It’s 5:30am on a Thursday morning and I’m wide awake. Although this is not uncommon for my roommate, seeing this hour of day is new to me. But when your dreams shake you out of sleep and you wake up realizing that the organization you work for is making an actual difference in the world, what else can you do but wake up and write about it?

Not For Sale is a nonprofit working day in and day out to fight human trafficking and end modern-day slavery. When I applied for this fellowship, that’s what I knew, and that’s what I wanted to be doing. I apparently had no idea what that actually meant.

There are a lot of catch phrases around here. Your purchase is your advocacy. Charity is dead. We are moving upstream. I understand them all in theory, but I have been waiting on one to really move me. To make me understand what we are actually doing – what I’m doing here. I needed a reason to explain that giving up what I was doing and where I was, was worth it. It may have took six weeks, but I have finally figured out what’s going on here.

We are creating new futures.

A catchphrase I have heard used many times, one that I have actually written articles about and said to donors over the phone, finally resonates with me. We tell our donors that they are investing in new futures for survivors – but how many of them know what that actually means? Donating money to end human trafficking and slavery is an amazing dedication, but do they even know the astounding difference they are making? They are helping us to create new lives and futures for men, woman, and children who are vulnerable to trafficking or who once actually thought they were disposable and lost all dignity. New futures.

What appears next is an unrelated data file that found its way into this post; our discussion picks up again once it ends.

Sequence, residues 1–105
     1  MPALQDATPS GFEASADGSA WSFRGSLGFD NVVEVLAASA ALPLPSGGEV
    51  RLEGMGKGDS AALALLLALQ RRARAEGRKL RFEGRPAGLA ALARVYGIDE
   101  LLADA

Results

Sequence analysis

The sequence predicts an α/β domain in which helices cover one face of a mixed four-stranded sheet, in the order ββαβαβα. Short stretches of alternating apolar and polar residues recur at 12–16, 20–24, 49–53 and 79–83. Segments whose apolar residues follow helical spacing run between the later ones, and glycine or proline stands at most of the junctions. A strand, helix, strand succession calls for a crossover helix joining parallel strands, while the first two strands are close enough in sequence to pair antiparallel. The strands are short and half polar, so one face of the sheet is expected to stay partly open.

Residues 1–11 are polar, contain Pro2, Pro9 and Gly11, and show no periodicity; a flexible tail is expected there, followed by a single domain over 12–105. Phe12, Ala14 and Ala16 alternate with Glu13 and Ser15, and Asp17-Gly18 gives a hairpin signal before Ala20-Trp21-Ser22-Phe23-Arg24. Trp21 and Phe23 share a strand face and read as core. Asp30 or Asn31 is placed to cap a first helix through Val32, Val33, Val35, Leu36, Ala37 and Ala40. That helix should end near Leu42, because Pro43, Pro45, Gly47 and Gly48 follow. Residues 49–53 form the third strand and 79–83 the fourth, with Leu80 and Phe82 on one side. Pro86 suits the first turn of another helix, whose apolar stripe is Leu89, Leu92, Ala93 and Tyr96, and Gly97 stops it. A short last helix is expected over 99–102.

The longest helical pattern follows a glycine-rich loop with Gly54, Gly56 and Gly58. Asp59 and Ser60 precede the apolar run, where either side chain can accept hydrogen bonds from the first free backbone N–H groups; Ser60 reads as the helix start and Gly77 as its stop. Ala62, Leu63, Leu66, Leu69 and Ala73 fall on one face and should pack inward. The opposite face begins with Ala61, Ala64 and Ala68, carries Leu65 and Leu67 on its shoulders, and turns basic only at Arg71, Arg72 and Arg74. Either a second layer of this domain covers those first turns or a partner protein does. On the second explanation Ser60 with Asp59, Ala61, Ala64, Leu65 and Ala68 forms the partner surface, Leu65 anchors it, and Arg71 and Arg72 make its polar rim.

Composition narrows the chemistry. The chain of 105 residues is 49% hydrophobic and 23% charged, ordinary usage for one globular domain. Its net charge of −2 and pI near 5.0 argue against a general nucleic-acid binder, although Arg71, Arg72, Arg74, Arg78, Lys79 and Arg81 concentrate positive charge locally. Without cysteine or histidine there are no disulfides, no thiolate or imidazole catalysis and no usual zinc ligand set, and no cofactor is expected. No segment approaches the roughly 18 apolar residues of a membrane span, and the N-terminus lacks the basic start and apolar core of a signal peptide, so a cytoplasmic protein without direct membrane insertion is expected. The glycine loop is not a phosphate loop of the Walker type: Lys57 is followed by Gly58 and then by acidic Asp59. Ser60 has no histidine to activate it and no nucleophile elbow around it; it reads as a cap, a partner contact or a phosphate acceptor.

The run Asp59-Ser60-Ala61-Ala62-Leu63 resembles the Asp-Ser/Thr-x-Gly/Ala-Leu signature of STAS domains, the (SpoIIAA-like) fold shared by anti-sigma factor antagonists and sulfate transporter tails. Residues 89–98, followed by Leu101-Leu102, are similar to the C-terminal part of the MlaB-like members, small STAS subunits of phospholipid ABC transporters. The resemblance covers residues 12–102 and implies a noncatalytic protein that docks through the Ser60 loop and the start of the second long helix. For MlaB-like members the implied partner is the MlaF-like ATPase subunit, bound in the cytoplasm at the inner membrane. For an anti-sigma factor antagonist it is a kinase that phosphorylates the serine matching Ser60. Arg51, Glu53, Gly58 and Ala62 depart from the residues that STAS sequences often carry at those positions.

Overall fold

Our Social Ventures team is a group of rock stars working to intentionally empower families by “incubating new businesses that create employment in at-risk communities and that model supply chain responsibility from the ground up.” For more information on what they are working on, click here.

Last week I wrote about how Not For Sale South Africa has recently secured a Victims Assistance Center which will give survivors a place to go for immediate help after being rescued. A place that prior to this moment, never existed. In Amsterdam, Not For Sale has just partnered with Soup en Zo, a local company that will work with NFS to empower woman through nutrition, healthcare, and job-training skills. A collaboration aiming to help woman working in the Red Light District, that prior to this moment has never existed. In Romania, Not For Sale operates a farm where survivors maintain three greenhouses, selling produce to local restaurants and catering companies. Just wait until you hear what this farming enterprise has in store. We are creating new futures.

(Saskia, this literally got me out of bed this morning. How awesome is that?)

The potential here really is amazing and I am so thankful to be part of the movement. And I am so thankful that you are out there supporting our Fellowship, supporting Not For Sale, and supporting this movement.